I stood quietly at the edge of the canal, my toes hanging over the edge of the wooden walkway that fronted the row of shops that lined the old waterway. The sun was not yet up, but already it was uncomfortably warm. I felt a drop of sweat slide down my spine.
I ignored it. I waited.
Finally, out of the pre-dawn gloom I saw what I was waiting for come gliding gently, serenely down the canal. A lone monk paddled a canoe, hugging the far side of the canal, passing right under the shops that lined the opposite side from me. At several of these shops, ladders descended from the walkway to the water’s edge, and on a few of these ladders, Thais waited, patiently watching the monk paddle slowly towards them.
As the monk reached a ladder with a waiting person, he stopped, taking hold of the ladder to secure the boat. The waiting person would then hand the monk small bags containing food. The monk placed the bags of food carefully in the canoe in front of him, and then chanted a blessing, the deep, monotonous sound of which bounced around the the canal in the otherwise silent morning.
And then the monk paddled on.
All over Thailand (and southeast Asia), monks make early morning rounds where Buddhists have an opportunity to “make merit” by giving food to begging monks. This is one of my favorite rituals because the emphasis is not on the feeding of the monks. The emphasis is that those who give food have an opportunity to practice being unselfish. In doing so, they become better people, closer to the ideal of divorcing themselves from worldly desires. The monk is actually giving you a gift by presenting you with the opportunity to be giving.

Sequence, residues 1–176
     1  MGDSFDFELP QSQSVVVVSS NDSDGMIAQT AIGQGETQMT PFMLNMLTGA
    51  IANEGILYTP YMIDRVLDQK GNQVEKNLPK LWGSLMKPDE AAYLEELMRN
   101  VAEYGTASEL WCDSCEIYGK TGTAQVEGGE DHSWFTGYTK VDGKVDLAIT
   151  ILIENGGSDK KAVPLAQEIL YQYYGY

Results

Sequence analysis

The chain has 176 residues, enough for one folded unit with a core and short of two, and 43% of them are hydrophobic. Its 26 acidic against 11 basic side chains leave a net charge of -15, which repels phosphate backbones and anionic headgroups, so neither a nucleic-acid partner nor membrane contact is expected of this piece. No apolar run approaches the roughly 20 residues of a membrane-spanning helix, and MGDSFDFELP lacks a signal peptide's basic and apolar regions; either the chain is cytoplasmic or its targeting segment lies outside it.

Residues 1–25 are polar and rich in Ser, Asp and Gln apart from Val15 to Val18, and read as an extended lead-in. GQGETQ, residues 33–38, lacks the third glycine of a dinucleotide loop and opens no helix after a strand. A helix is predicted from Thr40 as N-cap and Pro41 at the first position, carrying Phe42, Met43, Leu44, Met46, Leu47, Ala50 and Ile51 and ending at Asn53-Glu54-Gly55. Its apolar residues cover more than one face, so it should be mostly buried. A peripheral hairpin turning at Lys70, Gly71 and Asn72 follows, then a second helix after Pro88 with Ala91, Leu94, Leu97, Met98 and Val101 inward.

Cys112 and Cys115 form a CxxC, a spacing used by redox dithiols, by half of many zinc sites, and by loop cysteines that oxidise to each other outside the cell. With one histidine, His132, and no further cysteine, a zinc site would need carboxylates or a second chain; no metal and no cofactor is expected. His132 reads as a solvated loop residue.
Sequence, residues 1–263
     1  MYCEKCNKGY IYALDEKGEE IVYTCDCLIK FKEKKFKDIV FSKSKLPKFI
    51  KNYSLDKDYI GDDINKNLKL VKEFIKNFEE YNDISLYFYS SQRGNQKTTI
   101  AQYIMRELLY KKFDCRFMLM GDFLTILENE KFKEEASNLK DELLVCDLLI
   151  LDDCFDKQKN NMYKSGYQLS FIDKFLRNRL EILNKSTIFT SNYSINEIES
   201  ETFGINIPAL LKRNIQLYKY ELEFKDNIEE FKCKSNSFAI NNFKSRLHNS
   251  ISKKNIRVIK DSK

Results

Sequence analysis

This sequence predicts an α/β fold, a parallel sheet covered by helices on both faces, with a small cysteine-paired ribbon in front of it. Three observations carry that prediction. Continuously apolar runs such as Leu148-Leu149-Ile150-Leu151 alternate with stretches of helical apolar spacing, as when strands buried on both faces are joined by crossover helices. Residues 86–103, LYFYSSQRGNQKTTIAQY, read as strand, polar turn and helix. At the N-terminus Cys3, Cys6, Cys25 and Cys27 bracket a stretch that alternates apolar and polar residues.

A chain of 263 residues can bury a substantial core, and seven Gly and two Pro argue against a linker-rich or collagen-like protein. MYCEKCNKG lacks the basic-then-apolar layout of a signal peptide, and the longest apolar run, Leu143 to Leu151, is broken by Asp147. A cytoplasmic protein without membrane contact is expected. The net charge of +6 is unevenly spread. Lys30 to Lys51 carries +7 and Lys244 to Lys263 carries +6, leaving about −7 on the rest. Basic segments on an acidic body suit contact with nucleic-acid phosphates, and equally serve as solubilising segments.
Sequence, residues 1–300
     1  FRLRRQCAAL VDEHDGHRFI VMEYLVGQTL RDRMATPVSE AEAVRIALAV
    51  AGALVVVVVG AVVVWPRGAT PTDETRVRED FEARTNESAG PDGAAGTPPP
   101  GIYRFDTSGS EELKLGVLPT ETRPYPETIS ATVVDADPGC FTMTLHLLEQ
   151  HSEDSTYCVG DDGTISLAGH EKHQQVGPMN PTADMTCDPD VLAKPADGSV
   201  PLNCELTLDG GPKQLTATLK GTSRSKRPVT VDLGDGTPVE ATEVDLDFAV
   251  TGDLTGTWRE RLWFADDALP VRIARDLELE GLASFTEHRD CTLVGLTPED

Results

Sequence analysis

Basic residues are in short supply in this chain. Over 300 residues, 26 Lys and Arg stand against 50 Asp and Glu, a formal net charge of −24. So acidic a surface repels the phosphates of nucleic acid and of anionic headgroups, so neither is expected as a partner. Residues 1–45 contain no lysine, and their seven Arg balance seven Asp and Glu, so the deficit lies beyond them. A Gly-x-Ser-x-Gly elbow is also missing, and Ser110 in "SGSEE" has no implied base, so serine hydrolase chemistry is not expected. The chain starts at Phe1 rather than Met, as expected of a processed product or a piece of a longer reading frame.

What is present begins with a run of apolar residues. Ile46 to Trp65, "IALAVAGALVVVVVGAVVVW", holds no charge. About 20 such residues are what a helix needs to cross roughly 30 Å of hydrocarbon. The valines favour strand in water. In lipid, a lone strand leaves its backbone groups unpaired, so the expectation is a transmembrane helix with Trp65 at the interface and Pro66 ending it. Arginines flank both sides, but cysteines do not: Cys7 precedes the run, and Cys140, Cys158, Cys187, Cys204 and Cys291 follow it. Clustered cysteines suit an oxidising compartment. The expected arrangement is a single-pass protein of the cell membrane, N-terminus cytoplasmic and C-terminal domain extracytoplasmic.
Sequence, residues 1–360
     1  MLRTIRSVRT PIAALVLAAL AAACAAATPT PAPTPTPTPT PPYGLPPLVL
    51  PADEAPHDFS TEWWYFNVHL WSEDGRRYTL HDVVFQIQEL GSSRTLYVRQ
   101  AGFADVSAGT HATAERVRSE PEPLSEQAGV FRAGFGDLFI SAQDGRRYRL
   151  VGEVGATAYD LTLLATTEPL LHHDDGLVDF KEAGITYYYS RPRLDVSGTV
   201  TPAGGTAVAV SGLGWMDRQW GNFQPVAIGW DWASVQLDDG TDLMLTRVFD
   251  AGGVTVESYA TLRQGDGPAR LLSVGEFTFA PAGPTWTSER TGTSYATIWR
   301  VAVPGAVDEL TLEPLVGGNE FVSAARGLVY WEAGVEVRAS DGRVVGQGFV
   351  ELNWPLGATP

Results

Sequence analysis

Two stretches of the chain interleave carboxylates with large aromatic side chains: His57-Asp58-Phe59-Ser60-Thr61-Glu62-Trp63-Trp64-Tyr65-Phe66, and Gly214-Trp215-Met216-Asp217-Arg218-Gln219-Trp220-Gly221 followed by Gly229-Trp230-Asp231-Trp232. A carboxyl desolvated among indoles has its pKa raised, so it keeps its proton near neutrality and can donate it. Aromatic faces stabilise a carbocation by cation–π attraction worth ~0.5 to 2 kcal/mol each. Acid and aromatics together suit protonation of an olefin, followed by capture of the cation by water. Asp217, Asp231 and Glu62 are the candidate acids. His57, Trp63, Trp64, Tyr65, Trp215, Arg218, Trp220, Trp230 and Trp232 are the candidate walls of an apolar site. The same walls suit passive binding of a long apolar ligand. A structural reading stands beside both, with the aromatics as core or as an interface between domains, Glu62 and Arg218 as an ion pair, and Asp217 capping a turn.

I had been out early in the morning in Bangkok and seen the monks walking from food stall to food stall, collecting donations.
But now I was in Amphawa, a town known for its floating market. And in Amphawa, many of the monks went out to collect donations not on foot, but in boats.
It was beautiful to watch. And very photogenic.
Which, of course, brings up a traveler’s conundrum. Is it OK to turn religious rituals into tourist attractions by showing up to take pictures? In many cases, my answer to this question (for me) is no. I generally leave my camera in my bag, or at least don’t point it at worshippers in temples. But the general consensus among the monks I have had contact with (as well as Thai people in general) is that photographing merit making is fine so long as you do it discreetly.
And thus I use a long lens so I I remain far away, and I tell myself it is OK. But I am still not sure I believe that. I still feel a bit uncomfortable.
But, in Amphawa, I fell to temptation because travel.